Take the 2-minute tour ×
Mathematics Stack Exchange is a question and answer site for people studying math at any level and professionals in related fields. It's 100% free, no registration required.

Consider the series $\sum_k\frac{(-1)^k}{k+x^2}$. Why does it converge uniformly on $[0,\infty)$? and why doesn't it converge absolutely, always on $[0,\infty)$?

The only thing that I noticed is that it converges by Leibniz.

share|improve this question
4  
By "why" do you mean "give a proof", or "give me an intuitively satisfying reason"? –  Alex Becker Jan 9 '12 at 7:02
    
Because for sufficiently big $k$ we $|\frac{(-1)^k}{k+x^2}|=\frac{1}{k+x^2}>\frac{1}{(1+c)k}$ for some $c>0$ depending on fixed $x$. Intuitively this series doesn't converge absolutely because series of modules is similar to harmonic series, which are doesn't converge. –  Norbert Jan 9 '12 at 7:12
add comment

2 Answers 2

up vote 7 down vote accepted

It converges uniformly because for an alternating series $\sum_k(-1)^ka_k$, such that $a_k\geq 0$ for all $k$ and such that $a_k$ converges monotonically to $0$, the distance between the $n^\text{th}$ partial sum and the limit is less than or equal to $a_n$ (e.g., see Wikipedia), and because $\frac{1}{k+x^2}\leq\frac{1}{k}$ for all $x$. Therefore, for all $x$, you can show that the distance between the $n^\text{th}$ partial sum at $x$ and the limit at $x$ is bounded by the corresponding distance at $0$.

It does not converge absolutely anywhere because the harmonic series diverges, and because $\frac{1}{k+x^2}\geq \frac{1}{k(1+x^2)}=\frac{1}{1+x^2}\cdot\frac{1}{k}$ for all $k\geq 1$ and $x\geq 0$.

share|improve this answer
add comment

This is just a slight expansion of Jonas Meyer's answer.

A series of functions converges uniformly on $I$ if and only if it is uniformly Cauchy on $I$; that is, if and only if for every $\epsilon>0$, there is a positive integer $N$ such that for all positive integers $k$ and $M\ge N$ $$ \tag{1}\Bigl|\,\sum_{n=M}^{M+k} f_n(x)\,\Bigr|<\epsilon $$ for all $x\in I$.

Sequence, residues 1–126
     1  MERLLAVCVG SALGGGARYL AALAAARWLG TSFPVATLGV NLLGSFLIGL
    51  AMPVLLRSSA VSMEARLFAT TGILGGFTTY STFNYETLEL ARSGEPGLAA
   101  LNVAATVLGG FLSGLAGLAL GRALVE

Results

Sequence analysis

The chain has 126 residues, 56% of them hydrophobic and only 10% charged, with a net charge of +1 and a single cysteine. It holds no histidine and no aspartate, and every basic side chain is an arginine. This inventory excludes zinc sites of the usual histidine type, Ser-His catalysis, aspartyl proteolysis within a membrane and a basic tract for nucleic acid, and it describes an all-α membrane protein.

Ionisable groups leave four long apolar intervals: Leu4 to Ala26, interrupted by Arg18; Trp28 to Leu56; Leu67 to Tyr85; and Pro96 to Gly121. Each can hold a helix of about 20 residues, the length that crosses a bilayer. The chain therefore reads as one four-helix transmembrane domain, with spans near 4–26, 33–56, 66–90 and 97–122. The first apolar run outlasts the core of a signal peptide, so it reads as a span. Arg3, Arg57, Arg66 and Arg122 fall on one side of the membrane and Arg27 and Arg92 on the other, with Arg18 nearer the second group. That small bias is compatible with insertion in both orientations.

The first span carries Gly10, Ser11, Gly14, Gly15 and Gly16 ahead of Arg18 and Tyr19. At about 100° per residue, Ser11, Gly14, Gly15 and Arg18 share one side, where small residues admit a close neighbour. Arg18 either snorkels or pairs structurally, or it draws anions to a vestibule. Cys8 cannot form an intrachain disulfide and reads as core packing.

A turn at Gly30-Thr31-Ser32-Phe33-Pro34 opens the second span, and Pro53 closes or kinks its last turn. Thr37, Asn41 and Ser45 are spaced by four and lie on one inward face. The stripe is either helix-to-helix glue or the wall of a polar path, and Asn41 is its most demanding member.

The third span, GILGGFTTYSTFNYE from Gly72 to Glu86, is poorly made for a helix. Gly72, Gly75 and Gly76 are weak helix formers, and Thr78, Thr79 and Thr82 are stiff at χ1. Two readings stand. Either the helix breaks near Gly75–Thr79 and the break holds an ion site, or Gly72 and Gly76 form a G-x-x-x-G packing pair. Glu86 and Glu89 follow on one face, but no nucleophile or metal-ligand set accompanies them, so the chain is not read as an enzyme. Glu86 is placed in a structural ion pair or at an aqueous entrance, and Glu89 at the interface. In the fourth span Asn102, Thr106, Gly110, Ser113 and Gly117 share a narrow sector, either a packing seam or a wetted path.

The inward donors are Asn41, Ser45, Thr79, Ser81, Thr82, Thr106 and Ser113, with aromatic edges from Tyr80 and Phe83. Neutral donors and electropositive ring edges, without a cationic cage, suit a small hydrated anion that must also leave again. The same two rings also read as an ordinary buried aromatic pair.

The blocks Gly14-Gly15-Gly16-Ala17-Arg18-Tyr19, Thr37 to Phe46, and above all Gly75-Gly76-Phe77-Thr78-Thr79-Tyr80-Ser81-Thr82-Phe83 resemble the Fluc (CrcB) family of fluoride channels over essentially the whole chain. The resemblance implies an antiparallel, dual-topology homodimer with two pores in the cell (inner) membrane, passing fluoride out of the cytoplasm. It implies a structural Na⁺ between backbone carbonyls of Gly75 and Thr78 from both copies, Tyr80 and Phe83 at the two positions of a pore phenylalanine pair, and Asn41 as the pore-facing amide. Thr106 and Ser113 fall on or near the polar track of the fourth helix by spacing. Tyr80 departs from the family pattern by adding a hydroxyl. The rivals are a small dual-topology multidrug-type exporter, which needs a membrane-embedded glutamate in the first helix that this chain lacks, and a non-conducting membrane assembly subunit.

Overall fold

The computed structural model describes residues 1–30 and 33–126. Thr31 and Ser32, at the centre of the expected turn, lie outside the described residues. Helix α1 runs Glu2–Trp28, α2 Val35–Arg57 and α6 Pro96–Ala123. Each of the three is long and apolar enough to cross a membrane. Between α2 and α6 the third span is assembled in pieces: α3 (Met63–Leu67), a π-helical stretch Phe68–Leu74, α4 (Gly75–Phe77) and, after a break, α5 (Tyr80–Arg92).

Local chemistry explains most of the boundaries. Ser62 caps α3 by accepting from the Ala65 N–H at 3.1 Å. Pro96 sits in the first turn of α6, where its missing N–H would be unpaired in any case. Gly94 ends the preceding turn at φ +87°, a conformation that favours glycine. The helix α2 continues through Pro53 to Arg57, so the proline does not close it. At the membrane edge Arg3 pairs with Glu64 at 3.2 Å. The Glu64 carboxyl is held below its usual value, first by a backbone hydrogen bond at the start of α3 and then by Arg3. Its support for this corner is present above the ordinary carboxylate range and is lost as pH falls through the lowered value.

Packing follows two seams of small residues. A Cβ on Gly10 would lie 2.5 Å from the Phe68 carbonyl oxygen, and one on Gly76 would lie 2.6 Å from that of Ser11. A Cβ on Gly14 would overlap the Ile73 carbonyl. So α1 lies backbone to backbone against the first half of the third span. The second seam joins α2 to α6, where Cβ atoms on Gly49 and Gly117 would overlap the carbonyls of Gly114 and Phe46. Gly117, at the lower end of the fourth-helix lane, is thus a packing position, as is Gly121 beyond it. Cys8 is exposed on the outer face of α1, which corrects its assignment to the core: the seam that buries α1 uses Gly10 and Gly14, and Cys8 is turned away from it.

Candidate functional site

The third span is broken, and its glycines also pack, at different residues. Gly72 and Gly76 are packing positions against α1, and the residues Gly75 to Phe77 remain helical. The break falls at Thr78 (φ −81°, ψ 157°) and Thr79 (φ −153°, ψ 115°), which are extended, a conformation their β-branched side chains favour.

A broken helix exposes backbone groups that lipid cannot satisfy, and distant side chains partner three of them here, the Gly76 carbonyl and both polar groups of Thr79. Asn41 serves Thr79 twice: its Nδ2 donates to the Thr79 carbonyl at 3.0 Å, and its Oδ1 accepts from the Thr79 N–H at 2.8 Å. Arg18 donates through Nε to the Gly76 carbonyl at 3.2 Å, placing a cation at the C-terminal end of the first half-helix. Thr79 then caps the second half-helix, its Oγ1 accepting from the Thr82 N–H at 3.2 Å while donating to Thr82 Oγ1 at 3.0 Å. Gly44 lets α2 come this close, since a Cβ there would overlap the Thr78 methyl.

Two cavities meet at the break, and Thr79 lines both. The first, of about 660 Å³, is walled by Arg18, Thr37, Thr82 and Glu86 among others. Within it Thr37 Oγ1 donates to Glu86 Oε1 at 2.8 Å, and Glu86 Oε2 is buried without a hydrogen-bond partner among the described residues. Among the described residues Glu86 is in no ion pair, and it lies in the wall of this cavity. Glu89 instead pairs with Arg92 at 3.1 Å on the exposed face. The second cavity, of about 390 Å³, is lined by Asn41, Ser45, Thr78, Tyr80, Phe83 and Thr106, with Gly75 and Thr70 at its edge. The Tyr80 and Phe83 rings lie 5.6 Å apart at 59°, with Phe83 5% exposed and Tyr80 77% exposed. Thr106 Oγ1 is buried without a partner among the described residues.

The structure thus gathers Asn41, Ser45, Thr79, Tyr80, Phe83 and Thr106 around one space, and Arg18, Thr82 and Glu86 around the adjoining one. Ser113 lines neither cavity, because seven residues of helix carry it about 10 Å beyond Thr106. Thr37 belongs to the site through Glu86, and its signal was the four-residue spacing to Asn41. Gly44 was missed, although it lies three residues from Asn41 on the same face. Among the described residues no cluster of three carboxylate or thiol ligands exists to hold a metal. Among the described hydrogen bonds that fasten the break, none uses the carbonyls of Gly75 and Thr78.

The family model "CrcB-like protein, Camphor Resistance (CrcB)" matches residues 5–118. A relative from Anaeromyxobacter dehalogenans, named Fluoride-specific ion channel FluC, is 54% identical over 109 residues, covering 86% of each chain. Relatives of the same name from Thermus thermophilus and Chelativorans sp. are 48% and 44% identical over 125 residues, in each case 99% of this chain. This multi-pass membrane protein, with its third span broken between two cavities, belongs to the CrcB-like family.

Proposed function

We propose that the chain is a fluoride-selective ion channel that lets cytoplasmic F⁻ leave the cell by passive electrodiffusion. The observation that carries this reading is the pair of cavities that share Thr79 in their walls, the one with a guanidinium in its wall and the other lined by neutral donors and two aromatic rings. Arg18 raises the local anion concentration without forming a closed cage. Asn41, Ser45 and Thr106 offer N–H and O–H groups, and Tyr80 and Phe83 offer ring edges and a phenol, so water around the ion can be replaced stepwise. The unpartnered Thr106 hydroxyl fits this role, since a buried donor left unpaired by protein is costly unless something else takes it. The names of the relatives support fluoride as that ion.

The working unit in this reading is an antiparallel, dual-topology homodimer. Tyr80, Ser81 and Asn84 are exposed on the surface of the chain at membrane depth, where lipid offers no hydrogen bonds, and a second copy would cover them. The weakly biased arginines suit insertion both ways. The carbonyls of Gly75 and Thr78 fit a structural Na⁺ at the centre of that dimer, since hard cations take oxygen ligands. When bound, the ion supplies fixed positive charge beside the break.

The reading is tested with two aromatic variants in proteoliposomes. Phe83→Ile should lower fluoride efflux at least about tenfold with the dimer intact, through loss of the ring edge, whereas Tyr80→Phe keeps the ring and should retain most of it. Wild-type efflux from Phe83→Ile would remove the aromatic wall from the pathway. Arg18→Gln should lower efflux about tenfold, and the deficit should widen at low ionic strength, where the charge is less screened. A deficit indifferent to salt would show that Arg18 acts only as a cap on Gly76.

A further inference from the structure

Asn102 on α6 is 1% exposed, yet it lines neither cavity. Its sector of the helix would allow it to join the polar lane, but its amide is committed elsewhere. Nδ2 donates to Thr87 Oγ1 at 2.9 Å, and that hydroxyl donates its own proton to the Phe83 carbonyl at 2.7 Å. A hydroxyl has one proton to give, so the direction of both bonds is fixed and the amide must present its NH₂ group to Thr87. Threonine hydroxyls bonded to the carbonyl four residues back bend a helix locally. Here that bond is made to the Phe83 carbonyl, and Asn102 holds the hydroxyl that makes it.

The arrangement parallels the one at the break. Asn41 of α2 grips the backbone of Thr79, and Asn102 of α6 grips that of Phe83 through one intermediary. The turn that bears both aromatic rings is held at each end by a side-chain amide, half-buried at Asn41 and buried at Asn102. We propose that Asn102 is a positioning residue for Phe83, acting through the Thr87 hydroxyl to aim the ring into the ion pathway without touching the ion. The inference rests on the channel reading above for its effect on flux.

Your series has the form $\sum\limits_{i=1}^\infty (-1)^n f_n(x)$, where for each $x$, the sequence $\{f_n(x)\}$ satisfies

$\ \ \ $1) $f_n(x)$ is nonnegative for each $n$,

$\ \ \ $2) the sequence $f_n(x)$ is decreasing,

$\ \ \ $3) $\lim\limits_{n\rightarrow \infty}f_n(x)=0$.

One can show that if a series $\sum\limits_{i=1}^\infty (-1)^n f_n(x)$ satisfies 1), 2), and 3) for each $x\in I$, then for each $x\in I$ and for any positive integer $N$ we have $$ \Bigl|\,\sum_{n=N}^{N+k}(-1)^n f_n(x)\,\Bigr|\le f_N(x). $$ (In fact, this is a slight reformulation of a standard result in most introductory calculus courses.)

From the above, it follows that a series $\sum\limits_{n=1}^\infty (-1)^n f_n(x)$ satisfying 1), 2), and 3) for each $x$ in $I$ is uniformly Cauchy on $I$, and thus uniformly convergent on $I$, if and only if the sequence $\{f_n\}$ is uniformly convergent to $0$ on $I$.


In your series, $f_n(x)={1\over n+x^2}$ does converge uniformly to 0 on $[0,\infty)$ (on all of $\Bbb R$ in fact); thus $\sum\limits_{n=1}^{\infty}(-1)^n {1\over n+x^2}$ is uniformly convergent on $[0,\infty)$.

share|improve this answer
add comment

Your Answer

 
discard

By posting your answer, you agree to the privacy policy and terms of service.

Not the answer you're looking for? Browse other questions tagged or ask your own question.